Inventor-entrepreneur-author Raymond C. Kurzweil is keeping his eye on the year 2030. He'll turn 82 that year -- and with luck, he'll cross a threshold to some form of immortality. By 2030, Kurzweil believes, biomedical technology will have advanced to the point where it will be possible to halt the body's aging process. Tiny robots the size of red blood cells will patrol our circulatory systems and rejuvenate tired cells. Soon after that, around 2050, we should be able to reverse-engineer a human brain and upload it into a robot. People willing to give up their "wet" bodies -- we're 50% to 60% water -- could not only live forever but also think at electronic speeds.
That was the vision Kurzweil presented in his fifth book, Fantastic Voyage: Live Long Enough to Live Forever, published last fall. If it all sounds too fantastic, be warned: Kurzweil has been making wild pronouncements for two decades and hasn't been grossly wrong yet. In his first book, The Age of Intelligent Machines, written in 1988 and published in 1990, he foresaw a worldwide computer network in a few years -- and the Web emerged in 1991. The book also predicted a computer would defeat the world's chess champion by 1998, and IBM's (IBM) Deep Blue humbled Garry Kasparov in 1997.
"I'm not pulling these dates out of the air," Kurzweil says. At Kurzweil Technologies Inc., "I have 18 people gathering key data," tracking 50 technical disciplines. In most, tech progress is doubling every 12 to 15 months -- faster even than the advancing power of computer chips. "Most people don't appreciate what such exponential growth means. That's why they don't realize how dramatic the next few decades will be."
For baby boomers who want to be around in 2030 to see if he's right, Kurzweil advises starting now to slow down the aging process with low-tech regimens: diet and exercise. Kurzweil himself takes scores of supplements a day and claims that tests show his body is that of a person 10 years younger than his actual age, 57. To help others shape up for immortality, he and Fantastic Voyage co-author Dr. Terry Grossman, head of Denver's Frontier Medical Institute, recently founded a health food company dubbed Ray & Terry's Longevity Products Inc. It's No. 10 on Kurzweil's hit parade of ventures. No. 1 dates way back to 1974. He formed Kurzweil Computer Products Inc. to market his first major invention, the Kurzweil Reading Machine, which reads ordinary printed text to blind people. Stevie Wonder bought the first machine, and Xerox Corp. (XRX) bought the company in 1980. This was just one of several deals that have made Kurzweil a millionaire many times over.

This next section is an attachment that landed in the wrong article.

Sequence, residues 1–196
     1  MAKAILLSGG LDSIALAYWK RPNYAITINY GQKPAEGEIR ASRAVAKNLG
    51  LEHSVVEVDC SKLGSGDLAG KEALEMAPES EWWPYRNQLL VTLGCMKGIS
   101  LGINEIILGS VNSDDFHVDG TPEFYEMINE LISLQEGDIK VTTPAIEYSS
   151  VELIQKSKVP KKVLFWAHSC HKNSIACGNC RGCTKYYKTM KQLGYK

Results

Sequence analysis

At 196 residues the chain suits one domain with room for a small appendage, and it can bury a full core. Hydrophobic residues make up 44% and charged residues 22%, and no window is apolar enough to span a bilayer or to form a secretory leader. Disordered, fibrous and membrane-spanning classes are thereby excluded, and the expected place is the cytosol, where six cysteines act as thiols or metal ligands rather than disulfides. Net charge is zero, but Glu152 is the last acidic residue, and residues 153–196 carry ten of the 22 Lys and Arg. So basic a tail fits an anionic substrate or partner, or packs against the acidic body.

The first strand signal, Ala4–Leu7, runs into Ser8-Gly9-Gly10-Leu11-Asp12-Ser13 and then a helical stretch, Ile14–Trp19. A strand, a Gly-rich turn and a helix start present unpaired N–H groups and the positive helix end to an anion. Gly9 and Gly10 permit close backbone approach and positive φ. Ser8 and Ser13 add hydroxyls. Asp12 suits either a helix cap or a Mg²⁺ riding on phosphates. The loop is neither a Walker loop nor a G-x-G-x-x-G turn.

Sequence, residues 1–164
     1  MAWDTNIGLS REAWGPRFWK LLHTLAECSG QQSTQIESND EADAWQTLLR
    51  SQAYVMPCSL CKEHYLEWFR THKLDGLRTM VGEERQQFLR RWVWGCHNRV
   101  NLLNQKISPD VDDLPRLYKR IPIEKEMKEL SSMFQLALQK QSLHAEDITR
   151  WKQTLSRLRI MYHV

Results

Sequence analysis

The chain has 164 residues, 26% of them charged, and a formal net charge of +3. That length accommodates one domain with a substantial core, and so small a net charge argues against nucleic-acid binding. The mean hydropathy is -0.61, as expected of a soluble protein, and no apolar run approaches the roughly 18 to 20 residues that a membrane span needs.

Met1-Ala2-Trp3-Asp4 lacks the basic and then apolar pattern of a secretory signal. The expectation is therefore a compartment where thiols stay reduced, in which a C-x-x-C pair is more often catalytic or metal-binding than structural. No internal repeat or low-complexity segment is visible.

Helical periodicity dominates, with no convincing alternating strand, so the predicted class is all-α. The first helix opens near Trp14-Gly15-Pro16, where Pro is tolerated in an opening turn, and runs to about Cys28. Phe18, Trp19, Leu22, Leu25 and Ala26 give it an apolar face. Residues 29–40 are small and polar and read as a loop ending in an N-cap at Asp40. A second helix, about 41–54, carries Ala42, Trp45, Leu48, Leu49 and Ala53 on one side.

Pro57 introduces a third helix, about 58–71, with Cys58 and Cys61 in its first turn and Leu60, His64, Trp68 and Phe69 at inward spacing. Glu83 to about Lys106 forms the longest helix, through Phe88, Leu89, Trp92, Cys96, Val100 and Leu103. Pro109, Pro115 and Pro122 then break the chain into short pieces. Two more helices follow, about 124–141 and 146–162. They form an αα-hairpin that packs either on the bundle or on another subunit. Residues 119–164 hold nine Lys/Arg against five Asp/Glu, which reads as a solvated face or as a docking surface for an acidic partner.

Reading machines exploit Kurzweil's first love: using pattern recognition, a cornerstone of artificial intelligence, to make sense of letters and words. He got hooked on the field at 14, when he wrote software that analyzed melodies, then used the patterns it found to compose new tunes. "Pattern recognition has been my primary focus ever since," he says.
The latest application is an AI-based stock trading program being refined by FatKat Inc., formed by Kurzweil in 1999. He won't share many details, except to say that the software "is doing very well -- 50% to 100% returns for the last two years." In the near future, FatKat plans to launch a small hedge fund of around $10 million. Investors include Michael W. Brown -- formerly CFO of Microsoft Corp. (MSFT) and chairman of NASDAQ -- and venture capitalist Vinod Khosla of Kleiner Perkins Caufield & Byers.
Given all of Kurzweil's successes to date, it seems unwise to dismiss his forecasts for 2030 and beyond. He'll lay out the next phase of evolution in The Singularity Is Near: When Humans Transcend Biology. It's coming in September.
By Otis Port